- Cool bath
- Cool compress on blisters or rash
- Oatmeal bath
- Calamine lotion
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Primary & Urgent Care
Although one does not necessarily need to see a doctor for shingles, medical attention and antiviral treatment can both lessen the pain and shorten the duration of the rash or blisters. It is recommended that you see a doctor if you suspect you have shingles; this is especially true in the following situations cited by the Mayo Clinic:
- the pain and rash occur near an eye
- you are age 60 or older
- you or someone in your family has a weakened immune system
- the rash is widespread and painful
Shingles Vaccine & Prevention
Vaccination is one of the best forms of prevention from shingles. The current shingles vaccine, brand name Shingrix, is an effective way to prevent shingles. One study revealed a 91.3 percent efficacy rate of the Shingrix vaccine against shingles. Shingrix was approved by the FDA in 2017 and is given in two doses, with 2-6 months in between each dose. The CDC recommends adults ages 50 years and older get the vaccine. The Mayo Clinic recommends getting the shingles vaccine if you:
- Have already had chickenpox, the chickenpox vaccine, or shingles
- Received the prior shingles vaccine called Zostavax
- Do not remember having chickenpox at some point in your life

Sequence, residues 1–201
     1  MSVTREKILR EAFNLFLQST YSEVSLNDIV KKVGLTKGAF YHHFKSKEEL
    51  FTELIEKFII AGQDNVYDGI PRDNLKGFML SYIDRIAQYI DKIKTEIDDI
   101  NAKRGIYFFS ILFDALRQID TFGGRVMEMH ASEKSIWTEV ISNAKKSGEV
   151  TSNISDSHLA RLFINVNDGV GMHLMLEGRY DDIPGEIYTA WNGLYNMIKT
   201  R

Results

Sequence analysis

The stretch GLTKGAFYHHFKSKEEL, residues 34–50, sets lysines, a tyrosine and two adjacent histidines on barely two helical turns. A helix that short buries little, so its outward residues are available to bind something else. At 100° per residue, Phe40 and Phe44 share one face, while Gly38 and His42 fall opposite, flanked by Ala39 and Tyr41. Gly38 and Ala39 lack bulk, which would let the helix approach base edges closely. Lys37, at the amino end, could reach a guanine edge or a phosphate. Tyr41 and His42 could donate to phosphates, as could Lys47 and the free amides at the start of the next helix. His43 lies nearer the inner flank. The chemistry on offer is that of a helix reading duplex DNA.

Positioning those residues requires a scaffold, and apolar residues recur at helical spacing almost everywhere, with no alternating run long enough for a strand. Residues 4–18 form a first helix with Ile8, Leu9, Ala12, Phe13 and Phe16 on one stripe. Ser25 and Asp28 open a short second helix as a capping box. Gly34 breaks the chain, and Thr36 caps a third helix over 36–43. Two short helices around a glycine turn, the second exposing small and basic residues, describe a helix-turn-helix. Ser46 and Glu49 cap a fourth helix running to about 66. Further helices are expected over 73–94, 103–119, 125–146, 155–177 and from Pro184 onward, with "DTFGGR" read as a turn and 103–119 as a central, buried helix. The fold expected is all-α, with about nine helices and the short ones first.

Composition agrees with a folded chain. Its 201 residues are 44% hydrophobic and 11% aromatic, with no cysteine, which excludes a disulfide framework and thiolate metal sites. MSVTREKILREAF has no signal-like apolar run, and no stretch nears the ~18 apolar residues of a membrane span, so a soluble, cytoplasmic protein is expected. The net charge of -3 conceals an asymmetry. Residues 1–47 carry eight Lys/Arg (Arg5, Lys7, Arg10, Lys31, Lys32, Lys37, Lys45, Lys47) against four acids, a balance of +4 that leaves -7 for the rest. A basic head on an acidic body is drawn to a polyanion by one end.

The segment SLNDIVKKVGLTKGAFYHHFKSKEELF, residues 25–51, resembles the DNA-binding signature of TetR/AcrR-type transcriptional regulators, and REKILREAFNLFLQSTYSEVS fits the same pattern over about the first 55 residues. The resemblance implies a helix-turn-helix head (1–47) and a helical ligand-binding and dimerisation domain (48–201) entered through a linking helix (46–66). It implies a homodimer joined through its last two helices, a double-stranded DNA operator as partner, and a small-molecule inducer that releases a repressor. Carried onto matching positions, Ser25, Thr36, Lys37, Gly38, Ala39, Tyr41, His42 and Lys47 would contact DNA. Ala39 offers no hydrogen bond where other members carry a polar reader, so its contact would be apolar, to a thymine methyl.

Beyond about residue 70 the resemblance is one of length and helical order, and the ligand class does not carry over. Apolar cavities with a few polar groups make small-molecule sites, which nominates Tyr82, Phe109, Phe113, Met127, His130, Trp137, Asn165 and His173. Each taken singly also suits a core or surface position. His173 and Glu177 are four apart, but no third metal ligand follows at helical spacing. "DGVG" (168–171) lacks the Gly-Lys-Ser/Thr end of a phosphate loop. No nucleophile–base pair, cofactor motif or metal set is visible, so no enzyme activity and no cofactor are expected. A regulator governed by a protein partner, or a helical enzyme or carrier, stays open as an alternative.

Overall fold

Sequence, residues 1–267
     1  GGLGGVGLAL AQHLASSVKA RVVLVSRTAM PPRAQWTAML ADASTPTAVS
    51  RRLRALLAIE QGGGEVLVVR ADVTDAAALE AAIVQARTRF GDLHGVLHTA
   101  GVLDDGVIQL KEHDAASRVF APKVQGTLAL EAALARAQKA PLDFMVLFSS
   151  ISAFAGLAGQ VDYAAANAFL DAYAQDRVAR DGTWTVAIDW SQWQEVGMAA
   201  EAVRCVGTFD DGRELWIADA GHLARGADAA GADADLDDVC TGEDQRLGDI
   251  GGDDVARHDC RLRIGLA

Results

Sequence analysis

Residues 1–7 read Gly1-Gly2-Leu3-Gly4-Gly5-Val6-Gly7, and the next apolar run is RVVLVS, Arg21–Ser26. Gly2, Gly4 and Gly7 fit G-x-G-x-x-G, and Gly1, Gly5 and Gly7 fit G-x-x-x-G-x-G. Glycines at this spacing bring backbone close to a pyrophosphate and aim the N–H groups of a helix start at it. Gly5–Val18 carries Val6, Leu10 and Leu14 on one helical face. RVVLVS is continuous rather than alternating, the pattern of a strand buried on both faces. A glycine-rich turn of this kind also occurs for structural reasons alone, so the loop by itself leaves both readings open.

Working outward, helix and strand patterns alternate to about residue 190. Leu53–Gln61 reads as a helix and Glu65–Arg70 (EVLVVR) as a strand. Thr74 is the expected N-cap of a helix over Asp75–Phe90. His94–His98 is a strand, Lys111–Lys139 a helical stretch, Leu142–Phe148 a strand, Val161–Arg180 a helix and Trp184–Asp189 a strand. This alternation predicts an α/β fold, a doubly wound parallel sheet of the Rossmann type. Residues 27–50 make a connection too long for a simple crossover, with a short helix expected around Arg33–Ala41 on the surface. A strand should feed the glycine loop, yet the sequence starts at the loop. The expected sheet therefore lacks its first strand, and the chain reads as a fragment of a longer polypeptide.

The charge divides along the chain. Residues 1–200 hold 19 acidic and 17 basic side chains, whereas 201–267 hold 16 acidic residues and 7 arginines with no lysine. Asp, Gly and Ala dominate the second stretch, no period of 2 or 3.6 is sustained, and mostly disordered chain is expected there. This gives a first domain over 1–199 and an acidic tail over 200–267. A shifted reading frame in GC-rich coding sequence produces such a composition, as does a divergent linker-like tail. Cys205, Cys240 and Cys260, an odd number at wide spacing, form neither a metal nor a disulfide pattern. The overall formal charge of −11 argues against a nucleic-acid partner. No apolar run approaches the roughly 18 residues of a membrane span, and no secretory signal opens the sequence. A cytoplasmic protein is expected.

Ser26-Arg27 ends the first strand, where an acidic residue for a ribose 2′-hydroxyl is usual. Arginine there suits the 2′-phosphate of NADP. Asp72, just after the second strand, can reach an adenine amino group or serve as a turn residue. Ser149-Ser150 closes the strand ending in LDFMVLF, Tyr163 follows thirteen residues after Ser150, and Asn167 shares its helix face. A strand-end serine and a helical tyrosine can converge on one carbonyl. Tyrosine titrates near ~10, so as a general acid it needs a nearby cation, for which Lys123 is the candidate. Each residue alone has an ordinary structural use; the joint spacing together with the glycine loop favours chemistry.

It is essential to speak with your healthcare provider about the best time for you to get vaccinated, along with the benefits and potential side effects of vaccination. You can get the shingles vaccine at your doctor’s office and some pharmacies.
We can’t talk about shingles without talking about chickenpox, as the same virus causes them. Therefore, receiving the chickenpox vaccine is also extremely important in the later prevention of shingles. Receiving the chickenpox vaccine does not make you immune to chickenpox, as you may still become infected with chickenpox. However, those vaccinated usually have much milder symptoms than those not vaccinated when infected by chickenpox.
The CDC recommends two doses of the chickenpox vaccine for children, adolescents, and adults who have never had chickenpox and were never vaccinated. The CDC infographic below outlines the role that the chickenpox vaccine plays in saving lives and preventing illness.
Costs Associated With Treatment
Cost Helper Health cites the cost of treatment for those with insurance as between $5 and $50 and between $20 and $500 for those without insurance. There are several costs associated with the treatment of shingles, which may include:
- Office Visit (Co-Pay or Out of Pocket Cost)
- Over-The-Counter (OTC) Pain Medication
- Antibiotic Ointment
The cost of antiviral medication varies based on the specific antiviral you are prescribed and choose to use. The average cost of brand-name antiviral for a 30-tablet supply is $545.45, compared to $116.72 for generic retail prices. Valacyclovir appears to be the most expensive of the three antivirals, whereas Acyclovir is the least costly.
What are Shingles?
Shingles, also known as Herpes Zoster, is caused by the same virus that causes chickenpox. It is known to be a common viral infection that causes a painful rash usually on one side of the face or body. The rash consists of blisters that typically scab over in 7 to 10 days and heal within 2 to 4 weeks.
Singles is not a life-threatening condition, but the painful rashes or blisters can be prevented by the chickenpox vaccine in childhood or the shingles vaccine in adulthood. It is estimated that 1 in 3 people will get shingles, accounting for the 1 million cases of shingles diagnosed each year.
Source: Cleveland Clinic
How do Shingles Spread?